Muhammad Ali and Donald Trump
Ali, an outspoken advocate of the civil rights movement in the 1960s and 1970s who converted to Islam in 1975, has criticised Trump Getty

Boxing icon Muhammad Ali has come out fighting against Republican presidential front-runner Donald Trump and his controversial call for a ban on the entry of all Muslims into the US.

Trump's comments have been widely condemned in the states from across the political spectrum with President Barrack Obama calling for unity in the wake of the 2 December San Bernardino shootings which left 21 dead and were inspired by Islamic State terrorism.

Ali, who became an outspoken advocate of the civil rights movement in the 1960s and 1970s and converted to Islam in 1975, also used his statement to speak out against the Islamic State (Isis/Daesh) and to say Islam had nothing to do with the attacks in Paris on 13 November.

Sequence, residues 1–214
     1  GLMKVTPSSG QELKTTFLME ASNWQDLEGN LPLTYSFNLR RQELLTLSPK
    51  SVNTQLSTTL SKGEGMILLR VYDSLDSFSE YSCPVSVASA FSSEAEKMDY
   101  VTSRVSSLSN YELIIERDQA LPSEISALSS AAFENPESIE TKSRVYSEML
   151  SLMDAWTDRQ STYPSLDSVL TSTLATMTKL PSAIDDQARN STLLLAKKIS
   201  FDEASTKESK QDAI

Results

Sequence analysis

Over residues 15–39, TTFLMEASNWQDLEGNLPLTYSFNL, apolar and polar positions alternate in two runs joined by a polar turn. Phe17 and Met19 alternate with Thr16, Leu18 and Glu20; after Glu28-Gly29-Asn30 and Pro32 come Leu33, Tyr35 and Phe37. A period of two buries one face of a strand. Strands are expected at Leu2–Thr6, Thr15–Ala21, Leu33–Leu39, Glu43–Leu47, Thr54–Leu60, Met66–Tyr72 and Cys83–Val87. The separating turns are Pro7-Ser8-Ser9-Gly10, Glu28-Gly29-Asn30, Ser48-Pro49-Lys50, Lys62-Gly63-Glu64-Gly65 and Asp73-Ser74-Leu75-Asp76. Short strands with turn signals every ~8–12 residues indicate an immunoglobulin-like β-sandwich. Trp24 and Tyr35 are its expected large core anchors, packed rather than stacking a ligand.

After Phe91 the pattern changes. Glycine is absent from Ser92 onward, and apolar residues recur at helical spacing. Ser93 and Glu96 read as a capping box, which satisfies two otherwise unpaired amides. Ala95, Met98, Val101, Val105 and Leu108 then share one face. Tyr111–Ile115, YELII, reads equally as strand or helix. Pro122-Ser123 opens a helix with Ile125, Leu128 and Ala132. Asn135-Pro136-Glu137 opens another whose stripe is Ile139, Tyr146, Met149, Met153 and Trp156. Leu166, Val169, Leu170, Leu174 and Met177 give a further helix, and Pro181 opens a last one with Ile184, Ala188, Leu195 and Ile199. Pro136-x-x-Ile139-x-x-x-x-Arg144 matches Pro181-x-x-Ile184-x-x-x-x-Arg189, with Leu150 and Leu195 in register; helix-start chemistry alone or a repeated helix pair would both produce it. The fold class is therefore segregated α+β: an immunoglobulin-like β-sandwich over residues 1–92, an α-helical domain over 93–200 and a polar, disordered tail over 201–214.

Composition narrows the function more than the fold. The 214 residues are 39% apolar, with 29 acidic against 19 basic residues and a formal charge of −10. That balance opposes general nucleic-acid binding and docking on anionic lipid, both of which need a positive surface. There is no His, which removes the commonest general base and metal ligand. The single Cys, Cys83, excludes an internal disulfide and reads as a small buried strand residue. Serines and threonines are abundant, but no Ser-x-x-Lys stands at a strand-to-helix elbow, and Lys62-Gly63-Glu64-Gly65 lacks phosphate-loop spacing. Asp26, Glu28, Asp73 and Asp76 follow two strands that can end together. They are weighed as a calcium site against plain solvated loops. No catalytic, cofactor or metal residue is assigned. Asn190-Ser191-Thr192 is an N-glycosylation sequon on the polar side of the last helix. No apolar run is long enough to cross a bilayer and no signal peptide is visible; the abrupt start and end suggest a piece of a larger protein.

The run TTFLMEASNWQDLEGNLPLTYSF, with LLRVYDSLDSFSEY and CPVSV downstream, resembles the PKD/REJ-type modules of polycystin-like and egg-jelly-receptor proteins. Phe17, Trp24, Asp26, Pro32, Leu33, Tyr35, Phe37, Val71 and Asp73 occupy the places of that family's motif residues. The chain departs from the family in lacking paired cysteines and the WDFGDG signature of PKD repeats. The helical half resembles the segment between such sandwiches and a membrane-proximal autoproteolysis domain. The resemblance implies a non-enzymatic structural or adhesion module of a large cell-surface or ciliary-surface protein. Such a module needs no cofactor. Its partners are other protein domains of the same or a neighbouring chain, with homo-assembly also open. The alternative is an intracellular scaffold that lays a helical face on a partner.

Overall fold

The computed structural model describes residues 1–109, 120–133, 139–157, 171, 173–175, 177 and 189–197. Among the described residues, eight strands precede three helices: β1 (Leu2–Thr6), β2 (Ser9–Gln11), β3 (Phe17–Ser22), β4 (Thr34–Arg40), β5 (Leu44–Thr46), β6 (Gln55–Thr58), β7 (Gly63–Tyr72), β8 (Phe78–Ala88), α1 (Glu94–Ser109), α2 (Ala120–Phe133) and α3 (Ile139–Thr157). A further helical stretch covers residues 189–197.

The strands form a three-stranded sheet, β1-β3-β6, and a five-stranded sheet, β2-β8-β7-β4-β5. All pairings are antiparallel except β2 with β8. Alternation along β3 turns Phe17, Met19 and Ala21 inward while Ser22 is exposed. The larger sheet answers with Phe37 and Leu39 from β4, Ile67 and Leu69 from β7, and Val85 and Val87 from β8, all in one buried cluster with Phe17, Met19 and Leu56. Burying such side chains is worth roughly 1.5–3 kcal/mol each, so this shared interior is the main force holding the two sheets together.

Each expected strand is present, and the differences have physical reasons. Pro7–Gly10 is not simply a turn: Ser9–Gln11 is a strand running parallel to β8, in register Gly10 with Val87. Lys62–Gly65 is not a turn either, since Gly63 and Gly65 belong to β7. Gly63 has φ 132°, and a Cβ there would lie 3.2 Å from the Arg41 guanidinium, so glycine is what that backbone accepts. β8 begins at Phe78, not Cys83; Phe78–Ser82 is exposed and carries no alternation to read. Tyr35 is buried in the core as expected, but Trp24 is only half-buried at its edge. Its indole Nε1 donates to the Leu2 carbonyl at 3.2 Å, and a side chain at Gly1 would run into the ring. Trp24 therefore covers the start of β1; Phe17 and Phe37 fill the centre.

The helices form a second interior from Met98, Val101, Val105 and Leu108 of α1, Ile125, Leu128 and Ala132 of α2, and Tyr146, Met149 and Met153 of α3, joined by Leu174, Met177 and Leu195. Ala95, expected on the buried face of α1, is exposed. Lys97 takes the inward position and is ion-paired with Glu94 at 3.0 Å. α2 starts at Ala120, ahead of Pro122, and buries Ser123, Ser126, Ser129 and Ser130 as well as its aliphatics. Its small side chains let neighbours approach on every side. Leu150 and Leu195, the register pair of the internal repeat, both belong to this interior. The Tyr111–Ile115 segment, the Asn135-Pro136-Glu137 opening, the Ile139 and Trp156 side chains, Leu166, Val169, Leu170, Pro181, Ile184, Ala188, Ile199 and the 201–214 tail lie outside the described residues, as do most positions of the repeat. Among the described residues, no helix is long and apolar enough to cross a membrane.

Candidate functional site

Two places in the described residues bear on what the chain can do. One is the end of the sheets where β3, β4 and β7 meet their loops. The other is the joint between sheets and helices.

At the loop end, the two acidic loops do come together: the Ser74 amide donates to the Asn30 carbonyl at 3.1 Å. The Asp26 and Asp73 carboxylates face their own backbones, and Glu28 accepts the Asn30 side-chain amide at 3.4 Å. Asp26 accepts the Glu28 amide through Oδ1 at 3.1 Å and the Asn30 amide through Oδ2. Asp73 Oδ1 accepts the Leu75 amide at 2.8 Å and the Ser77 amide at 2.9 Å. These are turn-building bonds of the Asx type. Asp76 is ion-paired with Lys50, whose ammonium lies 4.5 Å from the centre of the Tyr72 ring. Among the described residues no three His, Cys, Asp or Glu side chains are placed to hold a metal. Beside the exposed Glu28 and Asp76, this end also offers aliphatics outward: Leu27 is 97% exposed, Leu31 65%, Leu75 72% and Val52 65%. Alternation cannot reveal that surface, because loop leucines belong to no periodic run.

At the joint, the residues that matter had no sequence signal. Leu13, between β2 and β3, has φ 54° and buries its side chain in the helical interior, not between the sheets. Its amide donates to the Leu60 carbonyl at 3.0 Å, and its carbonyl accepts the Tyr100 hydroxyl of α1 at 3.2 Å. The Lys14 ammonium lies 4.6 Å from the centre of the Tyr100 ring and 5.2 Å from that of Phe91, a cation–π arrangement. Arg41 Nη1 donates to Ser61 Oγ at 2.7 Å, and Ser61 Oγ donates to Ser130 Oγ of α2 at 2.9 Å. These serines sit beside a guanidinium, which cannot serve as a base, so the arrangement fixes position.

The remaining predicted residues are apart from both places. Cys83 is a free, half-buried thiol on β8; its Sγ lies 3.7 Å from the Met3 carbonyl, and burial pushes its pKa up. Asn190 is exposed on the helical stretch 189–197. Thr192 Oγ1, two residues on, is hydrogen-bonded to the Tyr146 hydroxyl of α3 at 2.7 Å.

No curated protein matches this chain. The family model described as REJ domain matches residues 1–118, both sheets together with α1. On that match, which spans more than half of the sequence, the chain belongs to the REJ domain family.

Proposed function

In the statement broadcast on US television, Ali, 73, said: "Speaking as someone who has never been accused of political correctness, I believe that our political leaders should use their position to bring understanding about the religion of Islam and clarify that these misguided murderers have perverted people's views on what Islam really is.

"I am a Muslim, and there is nothing Islamic about killing innocent people in Paris, San Bernardino, or anywhere else in the world.

Donald Trump meets Muhammad Ali
Donald Trump also attracted criticism when he challenged Barrack Obama to name a Muslim sports star (implying there were none) Getty

"True Muslims know that the ruthless violence of so-called Islamic jihadists goes against the very tenets of our religion," he added.

Trump also attracted criticism last week when he challenged Obama to name a Muslim sports star (implying there were none). Muhammad Ali was an obvious example of one such Muslim sports personality along with scores of others.

Ali, who has spent less time in the spotlight since he was diagnosed with Parkinson's disease in 1984, was previously a regular fixture on US television where he became a spokesperson for the Nation of Islam, a major force in the movement for black civil rights.

The boxing champion became a prisoner of conscience in 1971 when he refused to fight in Vietnam on religious grounds.